Entertainment And The Films Of Akira Kurosawa And Ingmar Bergman

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There is a long held principle in film criticism that the entertainment value of a movie is in some way set in opposition to its artistic content or seriousness. The label “entertainment” has often been used to downgrade a film’s importance or worth.

Both Akira Kurosawa and Ingmar Bergman have made reference to this dynamic in their films. In Bergman’s The Seventh Seal Jons, the squire, confronts an artist in a church who is working on a horrific mural depicting the plague.

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Jons: “Why paint such nonsense?”

Artist: “To remind people they are going to die.”

Jons: “That won’t cheer them up any.”

Artist: “Why always cheer them up, damn it? Why not scare them a bit?”

Jons: “Then they won’t look at your paintings.”

Artist: “Oh Yes they will. A skull is more interesting than a naked woman.”

Artist: “I paint things as they are. People can do as they like.”

Jons: “Some will curse you.”

Artist: “Well, then I’ll paint something amusing. A man’s got to live.”

When Bergman’s painter argues “A skull is more interesting than a naked woman.” He challenges the dichotomy between entertainment and seriousness. Sex comedies and romances may be popular but Bergman feels confident that he can offer a weightier alternative that will still draw an audience in.

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In Kurosawa’s Rashomon the character known only as “the stranger” asks to be told the story that the priest and the woodcutter are mulling over.

Priest: “A man was murdered”

Stranger: “Just one? So What? On top of this gate, you’ll find at least five or six unclaimed bodies.”

Priest: “You’re right. War, earthquakes, winds, fire, famine, the plague, year after year its been nothing but disasters, and bandits descend upon us every night. I’ve seen so many men getting killed like insects, but even I have never heard a story as horrible as this. Yes. So horrible. This time I may finally lose my faith in the human soul. It’s worse than bandits, the plague, famine, fire, or war.”

Stranger: “Look here priest, enough with the sermon. It sounded interesting, at least while I kept out of the rain, but if its a sermon, I’d rather listen to the rain.”

Later in the film the same men are discussing honesty.

Priest: “But it’s because men are weak that they lie. Even to themselves.”

Stranger: “Not another sermon. I don’t care if it is a lie as long as its entertaining.”

Both directors reveal the uneasy relationship between an audience’s desire to be entertained and the artist’s desire to address material that might not be seen as entertaining.

The key may lie in how these two directors use drama. Both these directors find emotional ways to speak about abstract ideas. Making a film about existentialism could easily become pedantic, and boring but if a character can be given an opportunity to express his or her desire for meaning in the context of a world we can identify with the audience can be drawn in.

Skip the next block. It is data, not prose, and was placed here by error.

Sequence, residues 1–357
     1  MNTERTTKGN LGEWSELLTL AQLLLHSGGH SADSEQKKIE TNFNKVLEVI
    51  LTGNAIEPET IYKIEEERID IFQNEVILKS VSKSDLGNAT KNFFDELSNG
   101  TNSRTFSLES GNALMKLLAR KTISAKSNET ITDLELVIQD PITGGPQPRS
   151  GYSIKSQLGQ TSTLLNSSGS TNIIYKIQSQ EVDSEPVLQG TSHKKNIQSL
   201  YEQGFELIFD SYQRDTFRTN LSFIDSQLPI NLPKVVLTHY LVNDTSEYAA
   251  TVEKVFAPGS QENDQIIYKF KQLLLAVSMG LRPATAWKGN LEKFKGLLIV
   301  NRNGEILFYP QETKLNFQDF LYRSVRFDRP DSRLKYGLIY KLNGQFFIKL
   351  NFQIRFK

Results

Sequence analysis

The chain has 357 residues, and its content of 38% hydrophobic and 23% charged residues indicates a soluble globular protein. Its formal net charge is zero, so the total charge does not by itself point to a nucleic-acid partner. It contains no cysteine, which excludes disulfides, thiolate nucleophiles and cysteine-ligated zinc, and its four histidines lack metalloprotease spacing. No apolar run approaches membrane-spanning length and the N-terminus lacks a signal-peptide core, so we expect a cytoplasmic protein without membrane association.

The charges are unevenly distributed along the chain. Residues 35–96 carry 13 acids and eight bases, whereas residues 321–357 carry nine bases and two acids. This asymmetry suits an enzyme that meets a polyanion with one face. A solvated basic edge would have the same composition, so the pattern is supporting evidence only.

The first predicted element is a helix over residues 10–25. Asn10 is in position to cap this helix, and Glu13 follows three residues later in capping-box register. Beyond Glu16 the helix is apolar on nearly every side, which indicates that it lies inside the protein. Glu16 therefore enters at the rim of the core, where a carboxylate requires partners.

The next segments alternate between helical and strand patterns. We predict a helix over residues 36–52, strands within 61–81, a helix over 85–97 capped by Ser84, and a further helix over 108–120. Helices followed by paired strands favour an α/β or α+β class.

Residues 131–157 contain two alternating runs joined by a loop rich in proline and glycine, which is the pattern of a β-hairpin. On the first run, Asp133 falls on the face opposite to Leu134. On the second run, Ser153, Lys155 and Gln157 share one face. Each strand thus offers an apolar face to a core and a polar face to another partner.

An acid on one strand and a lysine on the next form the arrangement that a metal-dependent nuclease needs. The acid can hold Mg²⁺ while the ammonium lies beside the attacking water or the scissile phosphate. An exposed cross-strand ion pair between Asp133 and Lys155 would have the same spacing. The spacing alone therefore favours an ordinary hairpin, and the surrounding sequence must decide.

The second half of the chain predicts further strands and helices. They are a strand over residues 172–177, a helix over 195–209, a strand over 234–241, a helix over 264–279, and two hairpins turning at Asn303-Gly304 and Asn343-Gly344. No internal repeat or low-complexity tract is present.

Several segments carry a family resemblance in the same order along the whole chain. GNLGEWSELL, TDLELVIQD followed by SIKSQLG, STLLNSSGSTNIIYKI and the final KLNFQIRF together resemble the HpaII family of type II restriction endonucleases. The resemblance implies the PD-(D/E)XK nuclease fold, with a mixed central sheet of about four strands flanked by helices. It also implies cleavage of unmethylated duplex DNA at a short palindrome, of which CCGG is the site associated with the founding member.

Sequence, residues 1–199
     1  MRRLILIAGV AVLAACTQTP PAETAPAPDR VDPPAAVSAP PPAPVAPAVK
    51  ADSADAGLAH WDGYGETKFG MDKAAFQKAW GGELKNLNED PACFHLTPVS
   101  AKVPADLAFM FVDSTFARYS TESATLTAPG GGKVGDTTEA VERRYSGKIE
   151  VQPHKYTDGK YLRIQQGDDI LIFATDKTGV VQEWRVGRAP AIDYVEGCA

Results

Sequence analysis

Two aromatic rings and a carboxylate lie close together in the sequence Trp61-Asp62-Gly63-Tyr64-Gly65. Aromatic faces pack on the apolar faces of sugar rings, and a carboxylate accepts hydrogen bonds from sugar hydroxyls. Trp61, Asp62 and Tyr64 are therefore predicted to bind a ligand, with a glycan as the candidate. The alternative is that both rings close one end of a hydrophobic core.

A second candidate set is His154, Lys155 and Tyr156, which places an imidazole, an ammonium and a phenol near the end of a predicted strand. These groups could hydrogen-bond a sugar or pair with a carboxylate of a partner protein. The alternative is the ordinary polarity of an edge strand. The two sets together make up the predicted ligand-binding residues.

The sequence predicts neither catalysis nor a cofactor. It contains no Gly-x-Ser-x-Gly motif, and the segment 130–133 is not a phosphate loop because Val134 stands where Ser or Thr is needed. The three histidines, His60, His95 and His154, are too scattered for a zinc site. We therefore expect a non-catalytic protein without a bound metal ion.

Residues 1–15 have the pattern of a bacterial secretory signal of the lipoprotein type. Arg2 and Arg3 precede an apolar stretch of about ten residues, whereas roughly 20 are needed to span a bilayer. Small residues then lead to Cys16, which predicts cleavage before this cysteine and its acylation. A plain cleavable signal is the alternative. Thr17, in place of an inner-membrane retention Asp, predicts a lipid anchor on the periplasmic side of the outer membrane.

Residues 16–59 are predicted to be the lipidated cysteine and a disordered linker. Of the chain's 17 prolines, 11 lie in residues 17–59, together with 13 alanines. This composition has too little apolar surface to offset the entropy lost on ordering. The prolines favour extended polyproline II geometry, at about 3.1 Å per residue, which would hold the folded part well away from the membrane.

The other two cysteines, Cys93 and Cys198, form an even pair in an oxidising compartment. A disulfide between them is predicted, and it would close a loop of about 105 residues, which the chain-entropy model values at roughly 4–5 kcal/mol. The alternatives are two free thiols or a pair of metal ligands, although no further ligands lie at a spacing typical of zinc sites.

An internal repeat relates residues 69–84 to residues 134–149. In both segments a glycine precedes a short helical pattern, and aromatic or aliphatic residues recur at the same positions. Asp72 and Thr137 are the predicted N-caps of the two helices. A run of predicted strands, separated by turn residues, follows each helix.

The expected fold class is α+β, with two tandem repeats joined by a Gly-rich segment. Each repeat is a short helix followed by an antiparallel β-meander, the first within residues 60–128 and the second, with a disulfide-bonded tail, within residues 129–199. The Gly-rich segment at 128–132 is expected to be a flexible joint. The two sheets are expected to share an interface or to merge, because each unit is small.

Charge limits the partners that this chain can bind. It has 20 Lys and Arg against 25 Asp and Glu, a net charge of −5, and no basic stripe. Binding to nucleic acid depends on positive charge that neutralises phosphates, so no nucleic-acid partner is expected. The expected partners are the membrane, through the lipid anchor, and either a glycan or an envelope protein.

On a basic level we are more driven by emotion than by reason. For this reason commercial films that wish to recoup their big investments reach for the dependable and predictable triggers that will arouse our emotions. A violent death, a steamy sex scene, a man dressed in women’s clothing can be relied upon to produce quick and easy reactions. In some ways entertaining film is one that entertains easily and directly.

Bergman and Kurosawa are concerned with being entertaining, but through the acting out of human scale tension, struggle and conflict they use entertainment to entice the audience into considering larger more abstract ideas. When Bergman says that a skull is more interesting than a naked woman he recognizes that a naked woman is a simple, and easy way to get an audience’s attention but a skull can be even more effective if the skull is tied to an emotional appeal that then leads us to deeper more complex concepts.

Humans and their emotional struggles are more interesting than concepts, or ideas. Bergman once said “For me, the human face is the most important subject of the cinema.” This does not refer literally to nostrils and eye lashes, it refers to the power of a face to emote. Its the power to add emotional content to dialogue and through that emotion get us to identify with the character and listen to what they have to say.

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I have an MFA in painting and I’m an art professor but I managed to convince the school to let me teach film. https://twitter.com/Filmofile1

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